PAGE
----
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 For a significant part of his career, John Rogers Herbert, R.A. (1810-1890) was considered one of the most important artists of his time.  His reputation increased throughout the first half of the nineteenth century; his precise technique, his sympathetic interpretation of the Nazarene style and strong narrative ability was admired by press and public alike. His career was assured when he found himself among the artists favored with fresco commissions at the New Palace of Westminster. However, his popularity faded in the second half of the nineteenth century, as his high ideals about the moral purpose of art became outdated, and more aesthetic considerations dominated the art scene.  Toward the end of his life he was going blind, but that did not prevent him from showing many pictures at the Royal Academy summer exhibitions - an act of defiance that left his colleagues and the public slightly bewildered.  Therefore, it was no surprise that upon his death he was quickly forgotten. No posthumous biography was written; no tribute exhibitions were held.  Even his obituaries in the major papers had a slightly satirical tone; The Magazine of Art bluntly stating that his death 'cannot be said to be an event of any artistic significance or importance'.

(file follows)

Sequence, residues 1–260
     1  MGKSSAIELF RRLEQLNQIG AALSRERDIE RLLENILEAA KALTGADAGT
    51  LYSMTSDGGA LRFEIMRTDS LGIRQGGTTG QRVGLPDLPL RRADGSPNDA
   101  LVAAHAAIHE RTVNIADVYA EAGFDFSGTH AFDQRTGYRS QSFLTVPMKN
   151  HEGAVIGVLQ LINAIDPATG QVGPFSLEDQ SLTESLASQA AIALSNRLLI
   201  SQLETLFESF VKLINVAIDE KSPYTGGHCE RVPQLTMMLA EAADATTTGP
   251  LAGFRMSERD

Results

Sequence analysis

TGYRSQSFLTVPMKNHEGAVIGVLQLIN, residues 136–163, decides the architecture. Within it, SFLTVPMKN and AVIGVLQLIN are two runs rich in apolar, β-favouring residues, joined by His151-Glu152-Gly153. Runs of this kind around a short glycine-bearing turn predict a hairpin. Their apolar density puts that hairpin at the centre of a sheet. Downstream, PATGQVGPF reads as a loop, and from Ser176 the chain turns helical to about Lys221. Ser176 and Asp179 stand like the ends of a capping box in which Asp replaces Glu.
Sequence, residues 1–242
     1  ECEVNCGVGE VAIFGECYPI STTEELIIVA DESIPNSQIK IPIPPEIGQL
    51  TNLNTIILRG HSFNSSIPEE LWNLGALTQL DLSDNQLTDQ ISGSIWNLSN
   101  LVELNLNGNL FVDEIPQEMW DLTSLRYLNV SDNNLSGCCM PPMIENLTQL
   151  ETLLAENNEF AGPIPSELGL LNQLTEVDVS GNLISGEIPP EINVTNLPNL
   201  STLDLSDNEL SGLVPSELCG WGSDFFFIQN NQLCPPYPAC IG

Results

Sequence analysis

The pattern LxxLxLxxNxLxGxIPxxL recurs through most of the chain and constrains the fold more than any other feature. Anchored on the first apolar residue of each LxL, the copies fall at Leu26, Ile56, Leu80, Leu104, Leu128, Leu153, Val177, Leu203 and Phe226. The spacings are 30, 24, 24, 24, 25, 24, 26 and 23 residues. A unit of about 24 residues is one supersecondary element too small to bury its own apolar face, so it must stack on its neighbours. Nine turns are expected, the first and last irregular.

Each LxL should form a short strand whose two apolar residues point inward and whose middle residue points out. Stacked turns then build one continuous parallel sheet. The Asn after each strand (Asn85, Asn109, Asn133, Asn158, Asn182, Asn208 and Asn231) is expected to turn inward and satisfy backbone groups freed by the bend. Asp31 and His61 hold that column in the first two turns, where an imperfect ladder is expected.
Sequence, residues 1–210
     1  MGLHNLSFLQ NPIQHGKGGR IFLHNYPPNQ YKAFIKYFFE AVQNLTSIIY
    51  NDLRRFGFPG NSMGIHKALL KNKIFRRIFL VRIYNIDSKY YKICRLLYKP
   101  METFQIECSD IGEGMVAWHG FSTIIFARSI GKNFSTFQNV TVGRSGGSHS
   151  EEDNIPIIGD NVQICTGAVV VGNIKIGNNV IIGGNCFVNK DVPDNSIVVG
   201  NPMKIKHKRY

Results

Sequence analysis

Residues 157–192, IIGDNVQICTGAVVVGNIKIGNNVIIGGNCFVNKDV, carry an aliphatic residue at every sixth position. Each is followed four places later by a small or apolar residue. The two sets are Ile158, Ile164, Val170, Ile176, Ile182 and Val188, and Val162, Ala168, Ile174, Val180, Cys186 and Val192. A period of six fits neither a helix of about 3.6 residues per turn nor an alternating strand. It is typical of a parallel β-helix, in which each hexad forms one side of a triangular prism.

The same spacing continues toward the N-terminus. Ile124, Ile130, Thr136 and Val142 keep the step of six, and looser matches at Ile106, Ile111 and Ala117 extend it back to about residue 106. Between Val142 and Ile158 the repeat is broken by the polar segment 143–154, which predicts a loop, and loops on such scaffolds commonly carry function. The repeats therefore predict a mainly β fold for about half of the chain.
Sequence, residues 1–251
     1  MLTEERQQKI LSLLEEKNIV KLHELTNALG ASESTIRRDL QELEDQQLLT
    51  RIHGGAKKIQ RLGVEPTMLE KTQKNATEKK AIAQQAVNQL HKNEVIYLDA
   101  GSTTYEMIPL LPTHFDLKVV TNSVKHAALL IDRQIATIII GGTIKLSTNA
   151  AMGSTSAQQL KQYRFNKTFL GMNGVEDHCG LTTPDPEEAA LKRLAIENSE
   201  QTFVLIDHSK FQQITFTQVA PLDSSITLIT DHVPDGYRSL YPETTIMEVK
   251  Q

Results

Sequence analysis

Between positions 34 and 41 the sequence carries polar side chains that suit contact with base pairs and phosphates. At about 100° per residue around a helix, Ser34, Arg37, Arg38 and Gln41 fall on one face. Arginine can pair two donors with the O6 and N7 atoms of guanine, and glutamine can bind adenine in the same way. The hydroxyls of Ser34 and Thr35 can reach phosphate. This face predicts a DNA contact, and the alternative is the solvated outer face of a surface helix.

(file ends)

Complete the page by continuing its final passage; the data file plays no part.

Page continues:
Lear and Cordelia (1876) - Nottingham Castle Museum

Mary Magdalen (1859) - The Maas Gallery
The object of my research is to re-establish John Rogers Herbert into the story of Victorian painting; to examine the contribution he made during his 60 year career, and how his Catholicism influenced his work. I also intend to explore his philosophy of art, which in many ways was typical of a mid-Victorian, but was not simply a cultural phenomenon.  Herbert believed deeply in the moral and divine purpose of art as a communicator of universal truths. His view was challenged as the world changed around him, but he never questioned it, and continued to exhort his fellow artists to higher purposes, even when they had all but ceased to listen.
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